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Overseas Security Advisory Council
Bureau of Diplomatic Security
U.S. Department of State

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Romania 2020 Crime & Safety Report

This is an annual report produced in conjunction with the Regional Security Office at the U.S. Embassy in Bucharest. OSAC encourages travelers to use this report to gain baseline knowledge of security conditions in Romania. For more in-depth information, review OSAC’s Romania country page for original OSAC reporting, consular messages, and contact information, some of which may be available only to private-sector representatives with an OSAC password.

Travel Advisory

The current U.S. Department of State Travel Advisory at the date of this report’s publication assesses Romania at Level 1, indicating travelers should exercise normal precautions. Review OSAC’s report, Understanding the Consular Travel Advisory System.

Overall Crime and Safety Situation

The U.S. Department of State has assessed Bucharest as being a LOW-threat location for crime directed at or affecting official U.S. government interests.

Crime Threats

Most crimes against visitors are limited to crimes of opportunity or scams. Violent crime is rare. Travelers should be aware of scams involving individuals posing as plainclothes police officers, approaches of quick friendship at train/subway stations, and pickpocketing in crowded areas. Panhandlers -- often groups of teenagers -- can be aggressive and have resorted to grabbing/tearing clothing to distract and steal from their target. Organized groups of thieves and pickpockets, including very young children and well-dressed young adults, operate in train stations and on public transportation. Review OSAC’s report, All That You Should Leave Behind.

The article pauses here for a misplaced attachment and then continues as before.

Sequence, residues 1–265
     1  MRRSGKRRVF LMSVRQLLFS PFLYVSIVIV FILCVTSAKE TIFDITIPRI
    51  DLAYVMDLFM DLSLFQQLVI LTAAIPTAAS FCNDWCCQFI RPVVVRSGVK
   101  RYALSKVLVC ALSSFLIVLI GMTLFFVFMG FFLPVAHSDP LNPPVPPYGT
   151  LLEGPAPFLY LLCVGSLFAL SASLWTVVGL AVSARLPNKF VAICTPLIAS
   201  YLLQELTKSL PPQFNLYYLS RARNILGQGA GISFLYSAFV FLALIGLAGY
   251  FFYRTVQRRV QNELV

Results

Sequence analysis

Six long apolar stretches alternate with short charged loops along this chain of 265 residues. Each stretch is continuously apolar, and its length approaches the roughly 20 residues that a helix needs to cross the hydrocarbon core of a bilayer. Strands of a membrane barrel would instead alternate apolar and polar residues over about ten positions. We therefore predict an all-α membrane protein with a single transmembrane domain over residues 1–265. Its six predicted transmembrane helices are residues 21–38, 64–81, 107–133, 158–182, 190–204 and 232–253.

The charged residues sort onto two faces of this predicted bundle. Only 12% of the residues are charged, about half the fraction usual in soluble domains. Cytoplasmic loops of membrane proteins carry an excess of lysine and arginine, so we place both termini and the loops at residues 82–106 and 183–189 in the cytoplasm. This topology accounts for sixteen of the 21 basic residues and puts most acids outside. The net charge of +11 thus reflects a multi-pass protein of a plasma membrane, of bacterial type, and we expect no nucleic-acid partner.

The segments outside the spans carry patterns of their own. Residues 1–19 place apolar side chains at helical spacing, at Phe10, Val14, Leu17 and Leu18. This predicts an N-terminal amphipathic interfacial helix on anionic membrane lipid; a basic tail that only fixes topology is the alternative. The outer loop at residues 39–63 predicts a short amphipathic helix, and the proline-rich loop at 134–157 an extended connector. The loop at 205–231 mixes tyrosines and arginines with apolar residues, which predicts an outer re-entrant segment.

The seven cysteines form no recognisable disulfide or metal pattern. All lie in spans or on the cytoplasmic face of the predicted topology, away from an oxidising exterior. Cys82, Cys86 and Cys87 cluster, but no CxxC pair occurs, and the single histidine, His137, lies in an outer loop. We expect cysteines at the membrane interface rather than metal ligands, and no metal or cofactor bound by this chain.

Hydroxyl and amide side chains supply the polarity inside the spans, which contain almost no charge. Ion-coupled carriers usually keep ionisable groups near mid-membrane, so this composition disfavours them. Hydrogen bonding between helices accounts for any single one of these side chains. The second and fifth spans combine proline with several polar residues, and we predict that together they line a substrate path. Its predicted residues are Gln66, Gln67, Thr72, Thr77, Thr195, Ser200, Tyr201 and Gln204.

Take extreme care when patronizing nightclubs, which can charge exorbitant prices and are relentless in pursuing payment. Simple assaults outside of clubs are possible, especially late at night, after consumption of alcohol, especially if the victim is alone. Review OSAC’s report, Shaken: The Don’ts of Alcohol Abroad.

Money exchange schemes are common. Some of these scams have become rather sophisticated, involving individuals posing as plainclothes police officers who approach the potential victim, flash a badge or other official-looking document, and accuse the victim of changing money illegally. After the initial approach, the scammer normally asks the victim to prove that they did not change money illegally and demands to see their money or wallet. The thieves often succeed in obtaining money, passports, and cell phones. If someone offers to change money on the street or accuses you of changing money illegally, continue walking. There are other variations to this scam. Sometimes, the individuals pose as border officials and request passports for an immigration inspection. The bottom line is that legitimate plainclothes police officers do not ask travelers to present identification. If you encounter a situation like this, insist on the presence of a uniformed police officer.

Organized crime threats include drug smuggling, cybercrime, human trafficking, financial crime, and counterfeiting. Romania is addressing these issues to varying degrees and is also actively engaged in stemming illegal migration as part of its role as a guardian to one of the European Union’s external borders.

Cybersecurity Issues

Cybercrime is a major threat and a constant challenge for local law enforcement, despite international cooperation efforts. Romania is a well-known hub for phishing, credit card fraud, fraudulent electronic auction bids, and hacking. Credit card, ATM skimming, and Internet fraud are among the most common crimes affecting foreigners in Romania. Only use ATMs located at banks. These offer more security against skimming attempts and include camera monitoring. Check the ATM for any evidence of tampering before use. Review OSAC’s reports, The Overseas Traveler’s Guide to ATM Skimmers & Fraud and Taking Credit.